William Charles Mattson and a Find a Grave Success Story

Have you used Find A Grave?  If not, you are really missing an opportunity! With their new partnership with Ancestry.com, the hints for ancestors through Find of Grave have increased exponentially.  If you go to the Find a Grave website directly, often just a simple search for an ancestor will result in a picture of their gravestone. If you can’t find a picture of your ancestor’s grave, you can request that a local volunteer photograph and post the photo for you. You can create memorials with all the photos you have taken over the years of your family’s gravestones and make it available to relatives searching for the same ancestor. If you have the time, you can volunteer yourself in your local area to help other genealogists find graves.  All for free!

Sometimes when you are looking for a gravestone photo, not only is there a picture of a gravestone, but there is also picture of the relative you have been looking for. And sometimes something like a miracle happens and you make a connection to distant relative who has pictures of your direct ancestors you have never seen. And that is what happened to me a few weeks ago!

It started pretty innocently when I got on Ancestry and was looking at William Charles Mattson (1889-1970). I wasn’t really working on this generation of Mattson’s and can’t even tell you why I was looking at him.  I had researched this branch fairly deeply about 2 years ago, but hadn’t done much since then.  I had long suspected that the “William Mattson “ living in California in the 1920’s was the half-brother of my ancestor Susan Dorthea Mattson Cork and the son of my 2nd GG Mary Dorthea Knorr Mattson, but I didn’t have conclusive proof.   The age matched, he was born in New York, but I didn’t have concrete linkages to this Mattson and the rest of the family that was spread out over the US.

Mattson_William C Gravestone

Mattson_William C Gravestone

So, while on Ancestry, there was a new hint to Find A Grave for this William Mattson and I followed it.  Not only was there a picture of his gravestone, but also there was a sweet photo of him in his WWI uniform and one of him with his wife Anna.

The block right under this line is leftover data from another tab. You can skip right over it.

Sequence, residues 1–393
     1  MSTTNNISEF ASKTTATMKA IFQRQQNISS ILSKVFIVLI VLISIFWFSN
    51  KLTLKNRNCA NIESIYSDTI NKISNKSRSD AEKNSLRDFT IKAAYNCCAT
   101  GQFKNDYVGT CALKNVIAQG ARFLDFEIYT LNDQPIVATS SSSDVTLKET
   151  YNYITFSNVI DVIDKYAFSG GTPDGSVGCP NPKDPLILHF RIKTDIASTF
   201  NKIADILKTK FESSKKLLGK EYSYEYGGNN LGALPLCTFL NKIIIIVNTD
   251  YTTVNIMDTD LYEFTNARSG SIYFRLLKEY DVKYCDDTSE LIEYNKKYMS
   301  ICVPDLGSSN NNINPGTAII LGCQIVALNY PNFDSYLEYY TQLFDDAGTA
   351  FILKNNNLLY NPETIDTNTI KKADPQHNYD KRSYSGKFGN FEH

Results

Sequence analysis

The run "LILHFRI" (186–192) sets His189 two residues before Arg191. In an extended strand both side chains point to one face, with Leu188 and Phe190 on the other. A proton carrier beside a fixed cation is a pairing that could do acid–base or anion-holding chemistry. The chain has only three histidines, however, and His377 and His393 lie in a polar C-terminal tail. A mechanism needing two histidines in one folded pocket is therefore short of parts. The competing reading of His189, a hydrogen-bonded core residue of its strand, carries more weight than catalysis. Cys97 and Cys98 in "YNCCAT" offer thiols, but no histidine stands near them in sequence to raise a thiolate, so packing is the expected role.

William C. Mattson in WWI  uniform taken in 1938

William C. Mattson in WWI uniform taken in 1938
Picture from Sally K. Green

William and Anne Mattson Picture from Sally K. Green

William and Anne Mattson
Picture from Sally K. Green

I wrote to Sally K. Green, the owner of the memorial who I thought must be a relative and through a series of e-mails and data checks, we confirmed that this William Mattson was the correct one!  At some point William’s mother Mary Dorthea went to live with her son and his wife.  And Sally had picture of her!  What is somewhat remarkable is that William was a relative only by marriage to her, yet she is the one who has the pictures and because she had always loved her Uncle Bill she kindly posted his photo’s on Find a Grave.

So here is my 2nd Great Grandmother Mary Dorthea Knorr Mattson.  This is the first time I have ever seen a picture of her and it makes me so pleased to see her face finally.  I think her last years spent with her son and his wife in California were probably some of the happiest for her. (But her story and William’s are for another day.)

Mary Dorthea Knorr Mattson and her son William Mattson Pictures from Sally K. Green

Mary Dorthea Knorr Mattson and her son William Mattson
Pictures from Sally K. Green

Doesn’t it make you want to pay something forward? Don’t we all have pictures of distant family members who are not our direct ancestors?  Maybe someone is waiting for them to be posted by us?

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4 Responses to William Charles Mattson and a Find a Grave Success Story

  1. Val Sanford says:

    WOW! What a great find. How amazing to see your ancestors in black and white. You certainly have used online resources to full effect.

    • Rachelle says:

      Yes and you know the odd thing about it was that they were all living in Los Angeles when my Grandmother was married to Arthur Cork and William Mattson was his uncle. Did they ever see each other? Grandma never mentioned him, so I don’t think so. But you never know!

  2. Val Sanford says:

    Reblogged this on Suitcase Full of Memories and commented:
    A wonderful tribute to serendipity and dedication. Great find.

  3. Laura says:

    This is a wonderful story. I have noticed a lot more links to Find A Grave recently. But I had never thought about contacting the poster. Thanks for the idea and for sharing this story.

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